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Objectives: Whole-slide imaging (WSI) and virtual microscopy (VM) have revolutionized teaching, diagnosis and research in histopathology. The aims of this study were to establish the feasibility of achieving early integration of clinical reasoning with undergraduate pathology teaching on a virtual microscopy platform and, to determine its student-centricity through student feedback. Methods: Thirty-eight VM-centered clinical cases were introduced to forty-nine students in an integrated undergraduate medical curriculum. The cases were aligned to curricular objectives, reinforced the pathologic basis of disease with critical thinking and were delivered across fifteen interactive small-group sessions. A simulated cross-disciplinary integration and judicious choice of pertinent diagnostic investigations was linked to principles of management. Feedback was obtained through a mixed-methods approach. Results: User-friendliness, gradual learning curve of VM and annotation-capacity were scored 4-5 on a Likert scale of 1-5 by 91.84%, 87.75% and 83.67% students respectively. Students agreed on content-match to the stage of learning (81.63%), theme of the week (91.84%) and development of a strong clinical foundation (77.5%). Integration (85.71%) and clinico-pathological correlation (83.67%) were strengths of this educational effort. High student attendance (~100%) and improved assessment scores on critical thinking (80%) were observed. Software lacunae included frequent logouts and lack of note-taking tools. Easy access was a significant student-centric advantage. Conclusion: A VM-centered approach with clinico-pathological correlation has been successfully introduced to inculcate integrated learning. Using the pathologic basis of disease as fulcrum and critical reasoning as anchor, a digitally-enabled generation of medical students have embraced this educational tool for tutor-guided, student-centered learning.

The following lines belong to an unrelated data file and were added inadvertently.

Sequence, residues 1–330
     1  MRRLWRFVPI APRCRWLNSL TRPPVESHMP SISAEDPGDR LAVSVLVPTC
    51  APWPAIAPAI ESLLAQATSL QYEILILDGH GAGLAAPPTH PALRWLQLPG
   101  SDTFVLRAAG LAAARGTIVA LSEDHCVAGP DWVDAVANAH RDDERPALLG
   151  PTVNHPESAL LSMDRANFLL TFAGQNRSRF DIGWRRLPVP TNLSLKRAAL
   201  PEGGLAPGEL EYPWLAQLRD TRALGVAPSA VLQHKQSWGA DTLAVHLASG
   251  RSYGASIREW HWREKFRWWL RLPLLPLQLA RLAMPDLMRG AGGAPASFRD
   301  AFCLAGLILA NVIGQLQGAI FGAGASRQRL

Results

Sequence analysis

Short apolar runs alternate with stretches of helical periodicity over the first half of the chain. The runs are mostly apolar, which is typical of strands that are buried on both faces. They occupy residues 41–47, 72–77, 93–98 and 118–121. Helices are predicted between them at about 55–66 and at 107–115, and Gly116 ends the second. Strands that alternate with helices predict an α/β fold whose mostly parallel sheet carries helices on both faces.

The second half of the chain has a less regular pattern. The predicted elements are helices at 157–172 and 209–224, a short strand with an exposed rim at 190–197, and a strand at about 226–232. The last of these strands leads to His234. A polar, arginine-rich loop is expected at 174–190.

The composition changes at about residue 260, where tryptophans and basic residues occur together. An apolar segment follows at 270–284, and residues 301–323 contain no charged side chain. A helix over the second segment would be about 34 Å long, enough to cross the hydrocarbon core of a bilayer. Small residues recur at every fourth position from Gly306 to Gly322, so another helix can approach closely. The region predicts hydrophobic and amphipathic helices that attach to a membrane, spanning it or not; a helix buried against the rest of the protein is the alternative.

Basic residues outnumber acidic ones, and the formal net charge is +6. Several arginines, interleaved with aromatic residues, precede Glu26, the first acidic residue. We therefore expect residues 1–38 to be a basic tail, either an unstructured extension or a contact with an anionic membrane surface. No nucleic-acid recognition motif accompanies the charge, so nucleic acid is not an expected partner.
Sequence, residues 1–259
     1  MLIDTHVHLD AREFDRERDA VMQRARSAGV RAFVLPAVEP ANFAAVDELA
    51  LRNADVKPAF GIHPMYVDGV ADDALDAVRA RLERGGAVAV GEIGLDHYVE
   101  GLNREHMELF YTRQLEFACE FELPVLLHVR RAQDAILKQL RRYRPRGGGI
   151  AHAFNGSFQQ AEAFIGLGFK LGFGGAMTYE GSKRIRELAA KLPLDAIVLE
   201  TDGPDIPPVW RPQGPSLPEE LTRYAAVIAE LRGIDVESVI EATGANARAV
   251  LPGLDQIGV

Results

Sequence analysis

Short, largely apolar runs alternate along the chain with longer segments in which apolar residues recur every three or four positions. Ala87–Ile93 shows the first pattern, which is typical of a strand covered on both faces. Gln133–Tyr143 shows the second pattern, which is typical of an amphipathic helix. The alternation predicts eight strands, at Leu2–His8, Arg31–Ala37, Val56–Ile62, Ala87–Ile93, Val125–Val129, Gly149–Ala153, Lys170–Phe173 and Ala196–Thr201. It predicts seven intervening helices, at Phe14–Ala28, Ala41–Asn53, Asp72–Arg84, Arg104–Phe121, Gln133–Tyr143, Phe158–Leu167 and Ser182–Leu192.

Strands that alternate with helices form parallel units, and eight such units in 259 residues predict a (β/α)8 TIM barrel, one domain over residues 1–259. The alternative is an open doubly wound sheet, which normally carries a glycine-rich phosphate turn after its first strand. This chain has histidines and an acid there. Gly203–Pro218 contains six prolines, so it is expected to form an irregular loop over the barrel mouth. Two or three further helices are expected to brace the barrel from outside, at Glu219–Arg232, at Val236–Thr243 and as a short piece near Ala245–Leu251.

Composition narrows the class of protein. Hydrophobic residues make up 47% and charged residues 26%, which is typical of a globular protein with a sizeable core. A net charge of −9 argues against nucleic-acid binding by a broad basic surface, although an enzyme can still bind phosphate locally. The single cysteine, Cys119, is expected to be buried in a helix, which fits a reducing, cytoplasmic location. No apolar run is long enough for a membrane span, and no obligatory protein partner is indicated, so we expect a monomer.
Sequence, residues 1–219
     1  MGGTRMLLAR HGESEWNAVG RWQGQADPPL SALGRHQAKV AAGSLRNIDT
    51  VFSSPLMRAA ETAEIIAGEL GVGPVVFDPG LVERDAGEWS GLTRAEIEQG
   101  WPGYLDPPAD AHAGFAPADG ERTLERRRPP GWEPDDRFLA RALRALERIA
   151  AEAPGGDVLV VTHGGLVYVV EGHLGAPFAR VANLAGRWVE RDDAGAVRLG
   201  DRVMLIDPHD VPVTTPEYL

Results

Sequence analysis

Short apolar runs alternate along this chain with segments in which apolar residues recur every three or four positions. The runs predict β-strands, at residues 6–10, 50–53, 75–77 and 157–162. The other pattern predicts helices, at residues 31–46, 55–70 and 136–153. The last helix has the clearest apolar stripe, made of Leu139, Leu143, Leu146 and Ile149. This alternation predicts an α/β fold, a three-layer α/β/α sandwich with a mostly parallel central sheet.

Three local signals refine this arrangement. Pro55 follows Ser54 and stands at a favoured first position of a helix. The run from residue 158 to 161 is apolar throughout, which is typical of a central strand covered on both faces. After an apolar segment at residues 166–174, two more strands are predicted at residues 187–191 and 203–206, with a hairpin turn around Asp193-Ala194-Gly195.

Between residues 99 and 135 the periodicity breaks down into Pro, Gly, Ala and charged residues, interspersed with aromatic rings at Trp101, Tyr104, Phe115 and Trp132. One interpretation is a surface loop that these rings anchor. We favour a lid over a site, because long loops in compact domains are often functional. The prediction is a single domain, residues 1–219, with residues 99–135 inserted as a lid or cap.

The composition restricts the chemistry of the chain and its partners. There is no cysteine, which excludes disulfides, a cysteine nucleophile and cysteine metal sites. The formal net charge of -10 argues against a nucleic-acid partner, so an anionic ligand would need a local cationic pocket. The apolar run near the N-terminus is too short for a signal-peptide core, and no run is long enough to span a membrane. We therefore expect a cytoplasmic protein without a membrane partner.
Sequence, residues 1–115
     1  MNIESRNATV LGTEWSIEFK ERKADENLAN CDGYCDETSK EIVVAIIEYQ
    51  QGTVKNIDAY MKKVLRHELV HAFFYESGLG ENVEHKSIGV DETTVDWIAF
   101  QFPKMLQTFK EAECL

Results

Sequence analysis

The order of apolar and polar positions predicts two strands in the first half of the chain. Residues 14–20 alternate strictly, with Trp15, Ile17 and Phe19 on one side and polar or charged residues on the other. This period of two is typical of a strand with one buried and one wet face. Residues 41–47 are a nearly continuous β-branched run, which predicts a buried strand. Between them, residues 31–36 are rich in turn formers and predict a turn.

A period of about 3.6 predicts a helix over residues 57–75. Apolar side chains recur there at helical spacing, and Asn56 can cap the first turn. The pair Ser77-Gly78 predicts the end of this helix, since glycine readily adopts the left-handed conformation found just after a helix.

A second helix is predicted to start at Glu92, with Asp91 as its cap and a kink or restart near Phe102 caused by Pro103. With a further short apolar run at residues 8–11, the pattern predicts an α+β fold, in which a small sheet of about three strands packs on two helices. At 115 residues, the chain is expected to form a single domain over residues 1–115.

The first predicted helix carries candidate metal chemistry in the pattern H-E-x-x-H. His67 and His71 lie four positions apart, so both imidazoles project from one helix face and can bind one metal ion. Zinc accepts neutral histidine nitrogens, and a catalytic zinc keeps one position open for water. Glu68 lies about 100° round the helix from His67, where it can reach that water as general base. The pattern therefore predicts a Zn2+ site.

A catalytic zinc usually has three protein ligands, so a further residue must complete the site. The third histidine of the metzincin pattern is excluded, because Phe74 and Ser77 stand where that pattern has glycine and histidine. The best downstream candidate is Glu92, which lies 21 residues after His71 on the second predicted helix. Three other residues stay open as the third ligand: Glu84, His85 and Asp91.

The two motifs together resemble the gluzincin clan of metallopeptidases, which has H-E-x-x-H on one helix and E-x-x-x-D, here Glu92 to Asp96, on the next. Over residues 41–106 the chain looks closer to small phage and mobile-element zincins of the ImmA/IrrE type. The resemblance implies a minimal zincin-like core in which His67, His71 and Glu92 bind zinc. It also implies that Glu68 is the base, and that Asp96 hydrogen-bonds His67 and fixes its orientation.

Keywords: virtual, digital, pathology, microscopy, medical education
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